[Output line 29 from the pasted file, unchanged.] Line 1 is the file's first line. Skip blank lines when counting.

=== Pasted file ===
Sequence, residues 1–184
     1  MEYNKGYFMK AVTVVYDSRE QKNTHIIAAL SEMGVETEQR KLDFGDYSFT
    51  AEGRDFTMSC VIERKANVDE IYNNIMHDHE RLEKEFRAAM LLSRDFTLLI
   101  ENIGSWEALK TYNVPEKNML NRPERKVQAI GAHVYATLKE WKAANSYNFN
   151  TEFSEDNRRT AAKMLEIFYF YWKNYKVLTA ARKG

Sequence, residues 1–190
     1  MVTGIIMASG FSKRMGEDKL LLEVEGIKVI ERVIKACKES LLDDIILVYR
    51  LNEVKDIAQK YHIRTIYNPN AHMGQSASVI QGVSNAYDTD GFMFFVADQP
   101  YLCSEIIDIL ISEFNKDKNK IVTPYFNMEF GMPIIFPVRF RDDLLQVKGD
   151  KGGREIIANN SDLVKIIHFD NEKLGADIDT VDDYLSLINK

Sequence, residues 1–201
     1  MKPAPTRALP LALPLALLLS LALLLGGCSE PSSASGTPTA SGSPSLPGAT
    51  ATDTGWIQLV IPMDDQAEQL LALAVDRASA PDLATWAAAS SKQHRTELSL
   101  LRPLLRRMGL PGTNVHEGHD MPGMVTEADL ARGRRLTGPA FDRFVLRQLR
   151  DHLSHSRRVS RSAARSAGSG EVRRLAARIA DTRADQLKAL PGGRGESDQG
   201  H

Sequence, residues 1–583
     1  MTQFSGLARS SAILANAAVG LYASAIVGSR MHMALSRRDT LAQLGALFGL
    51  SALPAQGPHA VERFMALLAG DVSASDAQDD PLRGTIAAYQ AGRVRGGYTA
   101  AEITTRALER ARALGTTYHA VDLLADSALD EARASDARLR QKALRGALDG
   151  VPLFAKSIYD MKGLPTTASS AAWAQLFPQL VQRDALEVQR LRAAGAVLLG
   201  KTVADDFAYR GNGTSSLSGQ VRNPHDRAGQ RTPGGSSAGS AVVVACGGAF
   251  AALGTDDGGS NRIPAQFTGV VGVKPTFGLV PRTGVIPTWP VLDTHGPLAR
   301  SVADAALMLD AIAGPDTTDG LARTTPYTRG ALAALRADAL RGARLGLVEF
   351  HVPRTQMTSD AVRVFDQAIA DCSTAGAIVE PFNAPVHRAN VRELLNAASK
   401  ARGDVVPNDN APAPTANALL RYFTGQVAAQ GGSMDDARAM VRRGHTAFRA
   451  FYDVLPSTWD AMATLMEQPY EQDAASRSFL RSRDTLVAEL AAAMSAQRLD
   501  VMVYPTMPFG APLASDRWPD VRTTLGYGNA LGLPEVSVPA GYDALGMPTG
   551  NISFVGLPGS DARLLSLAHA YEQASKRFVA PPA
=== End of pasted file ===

   551  NISFVGLPGS DARLLSLAHA YEQASKRFVA PPA